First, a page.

"Based on the findings of this survey and our interactions with clients, we believe technology has the potential to play a breakout role in the management of risk, but many companies are still behind the curve in this area," adds Mark Carey, Partner, Deloitte in the United States and leader of the U.S. Governance and Risk Strategies services for the commercial and public sector industries. "It is encouraging that more than half of the respondents said their companies were planning to invest in continuous risk monitoring, and the tools that are available should not only help them with risk management overall, but also increase efficiency and decrease costs over time," adds Carey.

Additional survey findings:

  • Risk management has become a C-suite issue. Of those surveyed, one-fourth (26 percent) said that the main responsibility for overall risk management belongs to the chief executive officer, with 23 percent assigning this responsibility to the chief financial officer or treasurer. Interestingly, the chief risk officer or head of risk came in third place, with 19 percent.
  • Automated risk management systems and processes – dashboard reporting for senior stakeholders, data analysis, and self-assessment are most often a mix of manual and automated processes. Twenty-eight percent of respondents said that their companies were in the process of automating their risk reporting.
  • Budgeting for risk is expected to remain stable. Respondents indicated that strategic risk and technology risk were the two areas where budgets will increase the most. Approximately 50 percent of respondents said that they expect minimal change to risk management budgets across the board. Fewer than 15 percent of respondents across all risk areas said risk budgets would decrease over the next three years.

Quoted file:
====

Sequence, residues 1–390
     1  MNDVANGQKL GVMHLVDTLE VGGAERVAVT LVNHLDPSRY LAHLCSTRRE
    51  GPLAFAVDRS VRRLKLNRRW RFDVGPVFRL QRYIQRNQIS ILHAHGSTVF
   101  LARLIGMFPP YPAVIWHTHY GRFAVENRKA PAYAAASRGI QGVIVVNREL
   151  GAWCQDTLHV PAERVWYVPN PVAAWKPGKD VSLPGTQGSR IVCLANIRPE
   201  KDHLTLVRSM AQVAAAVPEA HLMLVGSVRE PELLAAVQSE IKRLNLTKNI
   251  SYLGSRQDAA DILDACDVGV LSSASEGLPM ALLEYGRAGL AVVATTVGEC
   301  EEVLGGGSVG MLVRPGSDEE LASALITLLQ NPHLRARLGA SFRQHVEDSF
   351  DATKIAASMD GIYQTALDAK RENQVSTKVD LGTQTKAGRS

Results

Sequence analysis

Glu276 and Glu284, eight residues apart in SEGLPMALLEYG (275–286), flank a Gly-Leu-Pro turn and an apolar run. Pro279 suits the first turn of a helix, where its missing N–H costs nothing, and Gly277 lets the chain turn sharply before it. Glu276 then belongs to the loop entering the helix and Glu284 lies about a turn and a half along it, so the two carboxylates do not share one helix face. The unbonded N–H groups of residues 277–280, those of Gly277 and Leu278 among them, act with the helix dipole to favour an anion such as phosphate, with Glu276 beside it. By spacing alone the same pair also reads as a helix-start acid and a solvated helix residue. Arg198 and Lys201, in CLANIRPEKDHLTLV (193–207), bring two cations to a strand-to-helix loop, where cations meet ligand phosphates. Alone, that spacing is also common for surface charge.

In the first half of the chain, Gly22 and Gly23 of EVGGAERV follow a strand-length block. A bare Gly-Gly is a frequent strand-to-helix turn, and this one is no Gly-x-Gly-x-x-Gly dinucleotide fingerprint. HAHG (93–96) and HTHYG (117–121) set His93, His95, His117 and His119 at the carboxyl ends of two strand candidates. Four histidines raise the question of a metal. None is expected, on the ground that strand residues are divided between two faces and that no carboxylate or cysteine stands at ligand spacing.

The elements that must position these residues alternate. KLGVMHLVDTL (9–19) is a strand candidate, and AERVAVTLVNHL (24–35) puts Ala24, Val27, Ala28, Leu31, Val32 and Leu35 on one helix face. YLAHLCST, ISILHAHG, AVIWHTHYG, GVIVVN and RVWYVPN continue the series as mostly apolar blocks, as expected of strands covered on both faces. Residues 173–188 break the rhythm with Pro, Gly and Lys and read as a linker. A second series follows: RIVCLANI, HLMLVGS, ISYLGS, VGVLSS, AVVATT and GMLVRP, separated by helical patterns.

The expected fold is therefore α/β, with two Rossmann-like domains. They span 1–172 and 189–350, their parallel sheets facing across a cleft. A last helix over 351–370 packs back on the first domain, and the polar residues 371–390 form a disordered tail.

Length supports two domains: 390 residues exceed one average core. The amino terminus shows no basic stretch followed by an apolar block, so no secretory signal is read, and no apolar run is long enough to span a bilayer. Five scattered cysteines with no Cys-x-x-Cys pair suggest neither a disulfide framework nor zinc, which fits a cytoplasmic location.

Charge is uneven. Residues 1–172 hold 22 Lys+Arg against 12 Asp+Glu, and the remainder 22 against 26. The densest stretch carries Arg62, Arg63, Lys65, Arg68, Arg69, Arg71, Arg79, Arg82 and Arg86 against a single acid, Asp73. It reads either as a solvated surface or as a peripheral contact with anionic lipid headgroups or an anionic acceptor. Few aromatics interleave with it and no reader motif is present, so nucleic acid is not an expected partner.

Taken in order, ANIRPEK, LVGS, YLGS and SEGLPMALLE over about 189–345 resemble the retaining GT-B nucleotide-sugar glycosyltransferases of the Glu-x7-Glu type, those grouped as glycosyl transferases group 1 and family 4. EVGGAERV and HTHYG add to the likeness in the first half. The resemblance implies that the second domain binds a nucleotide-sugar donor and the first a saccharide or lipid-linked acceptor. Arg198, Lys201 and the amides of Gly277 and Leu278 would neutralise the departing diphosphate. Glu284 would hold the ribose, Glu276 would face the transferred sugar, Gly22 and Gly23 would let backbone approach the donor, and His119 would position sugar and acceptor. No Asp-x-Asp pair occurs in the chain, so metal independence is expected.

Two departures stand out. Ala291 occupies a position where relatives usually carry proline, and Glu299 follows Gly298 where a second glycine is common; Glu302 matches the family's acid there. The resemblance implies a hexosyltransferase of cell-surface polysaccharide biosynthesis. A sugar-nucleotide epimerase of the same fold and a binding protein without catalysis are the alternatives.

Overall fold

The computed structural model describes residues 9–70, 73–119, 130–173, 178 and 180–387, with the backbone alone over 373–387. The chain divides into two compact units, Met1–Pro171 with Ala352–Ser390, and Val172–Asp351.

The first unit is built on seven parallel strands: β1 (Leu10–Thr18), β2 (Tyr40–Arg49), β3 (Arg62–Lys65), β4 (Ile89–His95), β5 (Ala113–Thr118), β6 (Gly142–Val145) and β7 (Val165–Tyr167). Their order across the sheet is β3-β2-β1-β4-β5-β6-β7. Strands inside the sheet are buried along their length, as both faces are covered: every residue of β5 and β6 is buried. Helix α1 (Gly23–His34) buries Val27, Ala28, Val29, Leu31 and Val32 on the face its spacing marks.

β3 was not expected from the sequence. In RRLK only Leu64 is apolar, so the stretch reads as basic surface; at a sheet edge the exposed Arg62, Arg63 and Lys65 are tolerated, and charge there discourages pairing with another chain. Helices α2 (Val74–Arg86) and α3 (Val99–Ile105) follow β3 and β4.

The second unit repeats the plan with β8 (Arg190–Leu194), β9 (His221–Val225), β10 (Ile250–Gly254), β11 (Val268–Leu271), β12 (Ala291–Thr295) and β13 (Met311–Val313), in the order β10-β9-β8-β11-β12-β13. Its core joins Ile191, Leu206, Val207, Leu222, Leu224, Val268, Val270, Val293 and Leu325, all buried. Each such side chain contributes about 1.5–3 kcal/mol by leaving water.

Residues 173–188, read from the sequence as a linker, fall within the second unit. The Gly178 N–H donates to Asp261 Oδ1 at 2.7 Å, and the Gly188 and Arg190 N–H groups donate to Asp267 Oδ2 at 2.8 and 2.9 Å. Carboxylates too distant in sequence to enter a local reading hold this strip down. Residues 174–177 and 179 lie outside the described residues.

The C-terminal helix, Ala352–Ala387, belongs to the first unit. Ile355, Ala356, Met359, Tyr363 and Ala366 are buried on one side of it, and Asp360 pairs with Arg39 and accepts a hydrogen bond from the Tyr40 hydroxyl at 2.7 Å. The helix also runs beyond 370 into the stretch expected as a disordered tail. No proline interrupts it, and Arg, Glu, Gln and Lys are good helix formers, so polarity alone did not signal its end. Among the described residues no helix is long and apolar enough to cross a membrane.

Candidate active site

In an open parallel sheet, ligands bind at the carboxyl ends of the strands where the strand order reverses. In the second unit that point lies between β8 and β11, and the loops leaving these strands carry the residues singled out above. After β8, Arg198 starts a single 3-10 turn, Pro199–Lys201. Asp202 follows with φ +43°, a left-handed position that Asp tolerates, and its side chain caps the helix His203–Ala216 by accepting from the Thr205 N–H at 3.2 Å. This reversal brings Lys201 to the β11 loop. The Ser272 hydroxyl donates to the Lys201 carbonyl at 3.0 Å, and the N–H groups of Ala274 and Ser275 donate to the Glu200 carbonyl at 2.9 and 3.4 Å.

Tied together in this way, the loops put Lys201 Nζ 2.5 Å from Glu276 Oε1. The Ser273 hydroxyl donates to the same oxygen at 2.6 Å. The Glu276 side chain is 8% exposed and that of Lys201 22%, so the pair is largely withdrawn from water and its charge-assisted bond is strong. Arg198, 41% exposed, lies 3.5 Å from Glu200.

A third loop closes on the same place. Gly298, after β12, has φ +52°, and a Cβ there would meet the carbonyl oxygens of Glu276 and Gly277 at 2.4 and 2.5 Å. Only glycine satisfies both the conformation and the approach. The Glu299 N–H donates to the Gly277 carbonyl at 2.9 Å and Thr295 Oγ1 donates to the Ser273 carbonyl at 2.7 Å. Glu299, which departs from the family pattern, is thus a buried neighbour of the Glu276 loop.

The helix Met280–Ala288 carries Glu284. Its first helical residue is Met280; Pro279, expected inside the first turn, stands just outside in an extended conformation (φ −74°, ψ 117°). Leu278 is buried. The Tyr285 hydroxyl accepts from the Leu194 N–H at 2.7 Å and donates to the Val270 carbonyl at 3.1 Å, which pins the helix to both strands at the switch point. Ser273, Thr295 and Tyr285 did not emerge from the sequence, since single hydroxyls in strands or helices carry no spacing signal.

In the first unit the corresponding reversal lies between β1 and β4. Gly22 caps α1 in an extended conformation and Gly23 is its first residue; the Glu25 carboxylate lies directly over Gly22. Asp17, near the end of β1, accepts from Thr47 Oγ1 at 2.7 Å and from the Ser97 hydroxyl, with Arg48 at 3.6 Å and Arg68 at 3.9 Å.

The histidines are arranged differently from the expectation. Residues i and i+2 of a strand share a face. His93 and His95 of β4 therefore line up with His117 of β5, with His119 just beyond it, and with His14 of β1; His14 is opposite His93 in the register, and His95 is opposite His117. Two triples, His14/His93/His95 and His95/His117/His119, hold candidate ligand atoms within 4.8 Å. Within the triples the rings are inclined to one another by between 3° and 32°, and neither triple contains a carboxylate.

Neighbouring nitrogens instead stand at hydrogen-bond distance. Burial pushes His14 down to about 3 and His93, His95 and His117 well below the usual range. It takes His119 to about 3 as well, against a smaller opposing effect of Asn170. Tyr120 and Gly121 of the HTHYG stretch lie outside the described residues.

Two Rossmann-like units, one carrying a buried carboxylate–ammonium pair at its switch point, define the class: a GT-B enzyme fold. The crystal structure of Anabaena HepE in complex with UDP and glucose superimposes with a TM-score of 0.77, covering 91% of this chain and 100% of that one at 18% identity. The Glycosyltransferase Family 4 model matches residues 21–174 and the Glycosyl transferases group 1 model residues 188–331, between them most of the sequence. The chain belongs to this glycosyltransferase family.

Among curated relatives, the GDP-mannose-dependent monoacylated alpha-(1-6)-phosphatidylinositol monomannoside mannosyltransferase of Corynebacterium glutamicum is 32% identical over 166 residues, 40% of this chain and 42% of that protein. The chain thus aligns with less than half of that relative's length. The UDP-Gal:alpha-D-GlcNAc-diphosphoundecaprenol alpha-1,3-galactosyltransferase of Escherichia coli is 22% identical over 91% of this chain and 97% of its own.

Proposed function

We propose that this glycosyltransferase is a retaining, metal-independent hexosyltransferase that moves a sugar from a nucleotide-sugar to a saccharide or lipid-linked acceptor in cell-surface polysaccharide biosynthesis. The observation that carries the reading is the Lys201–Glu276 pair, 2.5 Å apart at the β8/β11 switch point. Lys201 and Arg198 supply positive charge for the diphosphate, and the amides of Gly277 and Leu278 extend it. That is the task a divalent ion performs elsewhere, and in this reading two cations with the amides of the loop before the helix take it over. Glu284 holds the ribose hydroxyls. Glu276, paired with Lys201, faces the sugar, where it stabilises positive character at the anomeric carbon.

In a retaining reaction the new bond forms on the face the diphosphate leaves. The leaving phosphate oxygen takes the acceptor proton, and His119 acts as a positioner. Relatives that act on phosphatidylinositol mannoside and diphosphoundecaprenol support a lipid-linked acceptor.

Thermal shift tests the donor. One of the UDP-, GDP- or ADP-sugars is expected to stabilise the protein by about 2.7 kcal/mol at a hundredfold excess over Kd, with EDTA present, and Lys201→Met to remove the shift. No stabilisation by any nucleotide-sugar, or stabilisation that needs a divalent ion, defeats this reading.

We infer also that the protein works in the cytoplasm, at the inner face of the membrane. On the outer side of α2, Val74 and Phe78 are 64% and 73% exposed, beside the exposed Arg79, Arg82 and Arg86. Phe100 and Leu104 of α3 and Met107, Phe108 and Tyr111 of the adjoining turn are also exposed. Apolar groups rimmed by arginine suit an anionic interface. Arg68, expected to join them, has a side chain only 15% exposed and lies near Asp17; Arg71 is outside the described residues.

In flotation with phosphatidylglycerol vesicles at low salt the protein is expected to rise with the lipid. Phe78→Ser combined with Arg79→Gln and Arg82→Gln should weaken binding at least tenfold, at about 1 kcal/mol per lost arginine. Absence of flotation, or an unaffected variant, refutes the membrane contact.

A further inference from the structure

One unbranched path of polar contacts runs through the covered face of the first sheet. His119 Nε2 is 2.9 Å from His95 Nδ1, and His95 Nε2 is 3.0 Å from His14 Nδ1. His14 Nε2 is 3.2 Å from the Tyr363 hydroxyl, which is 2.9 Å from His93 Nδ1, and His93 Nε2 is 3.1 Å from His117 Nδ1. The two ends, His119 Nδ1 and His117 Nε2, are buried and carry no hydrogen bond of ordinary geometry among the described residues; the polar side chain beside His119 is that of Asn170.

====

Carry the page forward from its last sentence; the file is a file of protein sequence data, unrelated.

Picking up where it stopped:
About the survey

This report is based on a survey of 192 U.S. executives from consumer and industrial products, life sciences, healthcare, and technology/media/telecommunications industries. The survey was conducted in the United States by Forbes Insights in association with Deloitte. Roughly one quarter of the respondents were from companies with revenues of US$1 billion to US$5 billion; another quarter were from companies with revenues ranging from US$5 billion to US$10 billion; a third quarter were had revenues of between US$10 billion and US$20 billion; and the remainder were from companies with revenues of more than US$20 billion.

The largest group of respondents (65) had titles of SVP/VP or director, and the second-largest group (49) consisted of CEOs, presidents, and managing directors, followed by CFOs/treasurers and comptrollers (26). Their main functions were finance (93) and corporate management (81).

About Forbes Insights

Forbes Insights (www.forbes.com/insights) is the strategic research practice of Forbes Media, publisher of Forbes magazine and Forbes.com. Taking advantage of a proprietary database of senior-level executives in the Forbes community, Forbes insights' research covers a wide range of vital business issues, including: talent management; marketing; financial benchmarking; risk and regulation; small/midsize business; and more.

 

 

About Deloitte

Deloitte refers to one or more of Deloitte Touche Tohmatsu Limited, a UK private company limited by guarantee and its network of member firms, each of which is a legally separate and independent entity. Please see www.deloitte.com/cz/about for a detailed description of the legal structure of Deloitte Touche Tohmatsu Limited and its member firms.

Deloitte provides audit, tax, consulting, and financial advisory services to public and private clients spanning multiple industries. With a globally connected network of member firms in more than 150 countries, Deloitte brings world-class capabilities and high-quality service to clients, delivering the insights they need to address their most complex business challenges. Deloitte's approximately 182,000 professionals are committed to becoming the standard of excellence.

© 2012 Deloitte Czech Republic

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Deloitte Czech Republic
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PR Manager